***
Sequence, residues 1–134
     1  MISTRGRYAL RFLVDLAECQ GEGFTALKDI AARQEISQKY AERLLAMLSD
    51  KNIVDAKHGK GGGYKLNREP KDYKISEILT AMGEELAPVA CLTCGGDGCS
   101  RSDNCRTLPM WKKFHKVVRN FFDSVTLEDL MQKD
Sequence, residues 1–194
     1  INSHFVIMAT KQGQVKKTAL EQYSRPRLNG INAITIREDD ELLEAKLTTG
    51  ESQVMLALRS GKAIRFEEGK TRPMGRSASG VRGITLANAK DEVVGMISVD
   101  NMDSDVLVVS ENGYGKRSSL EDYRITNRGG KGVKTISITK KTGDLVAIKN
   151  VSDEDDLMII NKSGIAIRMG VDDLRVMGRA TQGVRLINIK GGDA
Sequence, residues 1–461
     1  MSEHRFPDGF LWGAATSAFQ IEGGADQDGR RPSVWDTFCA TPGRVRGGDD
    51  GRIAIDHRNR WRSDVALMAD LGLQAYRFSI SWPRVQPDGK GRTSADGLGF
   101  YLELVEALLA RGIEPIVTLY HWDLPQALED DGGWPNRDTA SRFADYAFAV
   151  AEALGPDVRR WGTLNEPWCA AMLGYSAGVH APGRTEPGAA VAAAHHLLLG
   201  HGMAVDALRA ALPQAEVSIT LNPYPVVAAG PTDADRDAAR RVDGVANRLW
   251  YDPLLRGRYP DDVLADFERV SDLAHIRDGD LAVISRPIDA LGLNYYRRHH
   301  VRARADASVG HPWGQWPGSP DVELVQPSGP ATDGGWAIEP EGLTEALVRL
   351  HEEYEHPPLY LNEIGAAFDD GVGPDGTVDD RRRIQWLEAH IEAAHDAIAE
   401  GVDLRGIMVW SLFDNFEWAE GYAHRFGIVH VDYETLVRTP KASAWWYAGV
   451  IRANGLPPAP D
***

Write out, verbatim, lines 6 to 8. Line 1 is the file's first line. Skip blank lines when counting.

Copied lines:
     1  INSHFVIMAT KQGQVKKTAL EQYSRPRLNG INAITIREDD ELLEAKLTTG
    51  ESQVMLALRS GKAIRFEEGK TRPMGRSASG VRGITLANAK DEVVGMISVD
   101  NMDSDVLVVS ENGYGKRSSL EDYRITNRGG KGVKTISITK KTGDLVAIKN